Background Previous studies have suggested that gout increases the risk for the development of urolithiasis (uric acid stone or calcium-containing stone). However, the association between the prevalence of clinical or subclinical urinary stone disease and uric acid (UA) level has not been evaluated.
Objectives The purpose of this study is to evaluate the association between the rate of urinary stone on ultrasonography (USG) and UA level.
Methods We retrospectively reviewed radiographic and laboratory data from a tertiary hospital in Korea from 2010 to 2013. We included 13964 adult (≥20 years old) cases in which both abdominal or kidney ultrasonography and laboratory test have been performed for any purpose during these periods. We used calculated mean serum UA and creatinine levels for each case and stratified all cases by UA level and age. The risk of urinary stone on USG was analysed in association with uric acid level by multiple logistic regression analysis with adjustment for age, sex, body mass index, creatinine and known underlying diseases including diabetes mellitus and hypertension.
Results Among 6743 men (48%) and 7221 women (52%), mean age was 51.3±13.5 (range, 20-95), mean uric acid level was 4.5±2.1 mg/dL (range, 0.4-21.8), and mean creatinine level was 2.1±2.2 mg/dL (range, 0.4-18.9). Hyperuricemia (UA level above 7.0 mg/dL in men or 6.0 mg/dL in women) was found in 1750 cases (13%). Urinary stone on USG was detected in 608 cases (4.4%). The detection rates of urolithiasis in individuals with hyperuricemia and normal UA level were 5.9% and 4.1%, respectively (P=0.001). The overall detection rate of urolithiasis increased proportionally to serum UA level (Fig. 1A). In multiple logistic regression analysis, individuals with higher serum UA level had significantly higher risk of urolithiasis (adjusted odds ratio (OR)=1.136, 95% confidence interval (CI), 1.087-1.188, P<0.001), and these relationship was more prominent in men (OR=1.174, 95% CI, 1.108-1.243, P<0.001 in men; OR=1.106, CI, 1.023-1.196, P=0.011 in women) (Fig. 1B).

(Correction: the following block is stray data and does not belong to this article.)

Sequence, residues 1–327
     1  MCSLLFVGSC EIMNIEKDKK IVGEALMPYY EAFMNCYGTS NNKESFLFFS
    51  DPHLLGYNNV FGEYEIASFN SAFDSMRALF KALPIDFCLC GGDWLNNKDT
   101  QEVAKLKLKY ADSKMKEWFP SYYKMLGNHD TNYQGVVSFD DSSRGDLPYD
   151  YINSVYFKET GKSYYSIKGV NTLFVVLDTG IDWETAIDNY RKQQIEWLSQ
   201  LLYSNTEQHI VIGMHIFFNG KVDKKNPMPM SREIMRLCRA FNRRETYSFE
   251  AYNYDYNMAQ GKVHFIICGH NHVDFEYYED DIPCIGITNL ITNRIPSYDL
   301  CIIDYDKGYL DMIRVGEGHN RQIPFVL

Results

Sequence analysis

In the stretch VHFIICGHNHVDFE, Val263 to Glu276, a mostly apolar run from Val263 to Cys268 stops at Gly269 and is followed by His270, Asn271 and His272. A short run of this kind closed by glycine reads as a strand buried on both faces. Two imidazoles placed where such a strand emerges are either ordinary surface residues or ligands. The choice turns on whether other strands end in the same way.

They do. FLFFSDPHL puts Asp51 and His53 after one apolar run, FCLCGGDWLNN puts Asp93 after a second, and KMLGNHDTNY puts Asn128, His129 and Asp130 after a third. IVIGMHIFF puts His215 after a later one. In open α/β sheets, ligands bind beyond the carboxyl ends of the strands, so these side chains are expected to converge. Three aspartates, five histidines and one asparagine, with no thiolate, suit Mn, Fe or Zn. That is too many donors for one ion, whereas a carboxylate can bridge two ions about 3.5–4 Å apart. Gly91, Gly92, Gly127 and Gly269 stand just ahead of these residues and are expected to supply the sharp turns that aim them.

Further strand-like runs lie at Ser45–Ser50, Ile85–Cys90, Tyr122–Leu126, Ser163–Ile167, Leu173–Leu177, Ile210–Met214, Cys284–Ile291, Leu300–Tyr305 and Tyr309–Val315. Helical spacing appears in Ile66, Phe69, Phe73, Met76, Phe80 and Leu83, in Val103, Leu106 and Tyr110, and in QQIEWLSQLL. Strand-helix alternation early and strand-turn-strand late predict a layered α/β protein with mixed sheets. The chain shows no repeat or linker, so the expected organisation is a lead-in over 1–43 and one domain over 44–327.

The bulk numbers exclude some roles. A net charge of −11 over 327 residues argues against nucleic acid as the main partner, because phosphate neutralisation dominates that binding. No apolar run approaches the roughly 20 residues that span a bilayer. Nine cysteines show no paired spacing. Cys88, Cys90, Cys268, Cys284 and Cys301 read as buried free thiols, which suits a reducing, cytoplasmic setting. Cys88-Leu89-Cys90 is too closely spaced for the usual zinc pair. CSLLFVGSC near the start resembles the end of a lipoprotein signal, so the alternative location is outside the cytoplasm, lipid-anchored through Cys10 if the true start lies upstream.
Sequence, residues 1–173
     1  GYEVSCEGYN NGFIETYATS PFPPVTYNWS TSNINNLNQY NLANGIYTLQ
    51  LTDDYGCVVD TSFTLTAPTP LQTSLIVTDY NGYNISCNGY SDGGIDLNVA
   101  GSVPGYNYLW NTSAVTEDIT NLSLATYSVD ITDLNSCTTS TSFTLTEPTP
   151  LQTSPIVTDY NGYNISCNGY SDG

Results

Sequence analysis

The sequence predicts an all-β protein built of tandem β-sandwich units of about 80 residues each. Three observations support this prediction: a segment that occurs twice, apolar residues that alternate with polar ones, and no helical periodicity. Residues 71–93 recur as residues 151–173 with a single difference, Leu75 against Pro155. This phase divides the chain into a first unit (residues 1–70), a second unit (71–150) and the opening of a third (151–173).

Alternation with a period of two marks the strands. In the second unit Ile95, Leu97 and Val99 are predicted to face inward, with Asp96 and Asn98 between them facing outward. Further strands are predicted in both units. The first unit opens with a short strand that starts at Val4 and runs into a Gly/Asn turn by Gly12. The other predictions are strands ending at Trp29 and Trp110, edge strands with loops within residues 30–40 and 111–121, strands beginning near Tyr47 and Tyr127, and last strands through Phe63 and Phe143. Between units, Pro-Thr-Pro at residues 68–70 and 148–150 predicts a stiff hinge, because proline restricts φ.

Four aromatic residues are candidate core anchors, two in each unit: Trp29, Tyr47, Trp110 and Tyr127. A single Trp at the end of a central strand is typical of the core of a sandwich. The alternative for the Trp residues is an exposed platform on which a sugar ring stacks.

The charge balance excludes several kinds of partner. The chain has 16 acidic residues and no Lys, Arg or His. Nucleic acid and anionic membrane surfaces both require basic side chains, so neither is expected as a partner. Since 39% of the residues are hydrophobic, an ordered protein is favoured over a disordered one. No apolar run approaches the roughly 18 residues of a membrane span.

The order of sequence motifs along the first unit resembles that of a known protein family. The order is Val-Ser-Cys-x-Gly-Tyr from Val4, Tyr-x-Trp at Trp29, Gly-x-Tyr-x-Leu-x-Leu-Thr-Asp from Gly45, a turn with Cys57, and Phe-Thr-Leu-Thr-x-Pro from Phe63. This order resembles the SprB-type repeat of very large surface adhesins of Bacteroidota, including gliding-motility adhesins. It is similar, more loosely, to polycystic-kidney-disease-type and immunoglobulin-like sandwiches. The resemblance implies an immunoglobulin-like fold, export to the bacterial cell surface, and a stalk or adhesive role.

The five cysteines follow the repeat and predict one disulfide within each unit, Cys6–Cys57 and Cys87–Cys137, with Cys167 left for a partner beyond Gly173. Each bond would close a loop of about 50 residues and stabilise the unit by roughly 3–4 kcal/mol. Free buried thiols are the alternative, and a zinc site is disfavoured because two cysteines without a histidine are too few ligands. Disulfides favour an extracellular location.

Conclusions This study suggested that individuals with higher serum uric acid level had higher risk of clinical or subclinical urolithiasis, especially in men.
Disclosure of Interest None declared